In colonial times, when Indian cities and towns and villages were geographically separate from Euroamerican settlements, when differences in cultures and societies and clothing and materials culture and languages and - yes, even skin colors - were very obvious, discussions of blood quanta were irrelevant. Indian groups were distinct, and controlled their own memberships absolutely, and admitted or rejected whomsoever they pleased. And, being a member of one group did not give automatic admission to any other group. Nor does it do so today. Indian tribes are not like automobile parts - they are not interchangeable.
Only within the last century has the concept of using a blood quantum as a principal determinant of membership been imposed upon the Indian tribes by non-Indians, specifically, by the U.S. government. For the most part, the U.S. government began to require Indians to be able to prove that they had one-quarter Indian (not tribal-specific) blood in order to receive services through the Bureau of Indian Affairs or BIA, a part of the US Department of the Interior. (The Indians say that BIA actually means "Boss Indians Around.") Thus, this single criterion came to have clear and demonstrable political and economic values - things that the U.S. government likes and understands.
So the U.S. government focused on this single criterion, and took it out of the context of the numerous criteria that the Indians themselves used, and assigned to it an unrealistic degree of importance, and expected the Indians to live with that, whether they liked it or not. If the U.S. government were to fulfill its moral and legal responsibilities to the Native American tribes, then tribes would cost the U.S. government money and, therefore, the U.S. government saw itself as having a vested interest in deciding which groups constituted tribes, and which did not.
At the same time, however, one of the few facets of Indian life that the U.S. government has not sought to control (at least, not completely) is tribal membership. It is universally recognized as one of the basic powers of a sovereign nation that it has the right to establish its own laws regarding citizenship and, so, the Indians have fought hard to maintain control of this facet of their sovereignty. And, in today's world, this fact has taken on increased significance because every tribe has lost members to the much more numerous and visible non-Native world. They have left their culture and their relatives for a life of better pay or more material comforts or, at least, the possibility of hiding their Indian-ness within the Euroamerican society that was (and remains, all too often) so bigoted against them. In other instances, a child who resulted from the sexual union of an Indian and a non-Indian has been raised by the non-Indian parent and never permitted to claim their Indian life. In either case, several generations may have grown to adulthood before some family member has chosen to seek out that Indian heritage.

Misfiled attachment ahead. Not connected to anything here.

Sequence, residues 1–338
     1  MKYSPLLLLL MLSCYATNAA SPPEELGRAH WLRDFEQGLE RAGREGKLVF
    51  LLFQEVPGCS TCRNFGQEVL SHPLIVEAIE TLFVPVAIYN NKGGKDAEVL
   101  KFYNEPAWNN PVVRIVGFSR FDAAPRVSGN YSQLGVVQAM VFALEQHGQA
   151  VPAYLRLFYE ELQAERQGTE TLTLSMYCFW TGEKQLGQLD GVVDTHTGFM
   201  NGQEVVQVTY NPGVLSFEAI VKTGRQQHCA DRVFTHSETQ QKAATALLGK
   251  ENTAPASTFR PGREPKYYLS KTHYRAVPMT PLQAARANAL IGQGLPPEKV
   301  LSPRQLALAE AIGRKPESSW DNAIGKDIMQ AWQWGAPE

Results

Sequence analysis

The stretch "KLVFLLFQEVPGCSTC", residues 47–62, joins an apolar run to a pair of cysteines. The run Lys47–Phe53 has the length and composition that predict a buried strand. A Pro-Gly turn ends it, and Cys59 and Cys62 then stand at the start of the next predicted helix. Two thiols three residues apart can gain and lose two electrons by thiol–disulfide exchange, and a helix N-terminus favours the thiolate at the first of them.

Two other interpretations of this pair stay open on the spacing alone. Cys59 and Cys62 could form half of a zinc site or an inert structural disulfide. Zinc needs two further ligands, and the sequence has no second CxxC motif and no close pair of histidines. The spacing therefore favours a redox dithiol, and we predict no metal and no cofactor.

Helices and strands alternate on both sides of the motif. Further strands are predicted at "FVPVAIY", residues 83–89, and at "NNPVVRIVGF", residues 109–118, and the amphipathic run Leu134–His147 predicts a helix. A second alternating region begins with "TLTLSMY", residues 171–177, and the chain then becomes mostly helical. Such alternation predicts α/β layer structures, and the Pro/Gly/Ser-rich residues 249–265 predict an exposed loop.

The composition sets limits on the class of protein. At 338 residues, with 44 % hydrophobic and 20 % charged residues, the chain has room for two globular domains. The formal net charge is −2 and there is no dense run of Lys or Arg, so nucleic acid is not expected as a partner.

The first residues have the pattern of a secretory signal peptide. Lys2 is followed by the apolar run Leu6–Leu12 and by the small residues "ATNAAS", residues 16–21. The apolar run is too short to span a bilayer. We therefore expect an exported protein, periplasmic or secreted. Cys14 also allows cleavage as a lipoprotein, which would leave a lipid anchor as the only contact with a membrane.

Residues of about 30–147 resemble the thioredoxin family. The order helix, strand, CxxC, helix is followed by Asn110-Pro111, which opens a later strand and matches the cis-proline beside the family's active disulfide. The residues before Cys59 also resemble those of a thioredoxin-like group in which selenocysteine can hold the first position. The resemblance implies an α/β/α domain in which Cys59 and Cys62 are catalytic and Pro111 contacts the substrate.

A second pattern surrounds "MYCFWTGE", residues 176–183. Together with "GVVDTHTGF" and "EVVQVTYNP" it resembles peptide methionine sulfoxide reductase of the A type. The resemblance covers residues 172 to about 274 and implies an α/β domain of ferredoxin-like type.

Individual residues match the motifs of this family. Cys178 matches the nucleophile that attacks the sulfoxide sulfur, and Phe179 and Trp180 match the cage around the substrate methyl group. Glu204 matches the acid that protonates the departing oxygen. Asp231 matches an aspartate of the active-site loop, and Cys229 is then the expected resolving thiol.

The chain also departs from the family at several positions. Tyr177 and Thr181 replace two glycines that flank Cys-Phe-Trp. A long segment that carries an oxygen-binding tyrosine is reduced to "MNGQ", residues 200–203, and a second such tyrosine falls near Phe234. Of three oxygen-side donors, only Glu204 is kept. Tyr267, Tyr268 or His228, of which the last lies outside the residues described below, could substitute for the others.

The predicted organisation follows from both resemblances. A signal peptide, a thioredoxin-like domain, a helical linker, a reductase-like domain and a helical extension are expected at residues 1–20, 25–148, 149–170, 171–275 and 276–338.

But no individual can ever completely leave one culture or completely enter into another. Nor can simply deciding to become an Indian make you one. The fact that an individual, even one who may have some distant Indian heritage, has to seek out that heritage, is a critical reminder that, at whatever point in the past, an ancestor made a life-altering decision to leave their culture and heritage behind. And no amount of interest, or even a fervent desire, can recover that lost culture now. No amount of dressing up like an Indian, wearing feathers and buckskin, sleeping on the ground, or using phrases such as "Oh, Great Spirit" or "My Red Brothers" will make anyone an Indian either.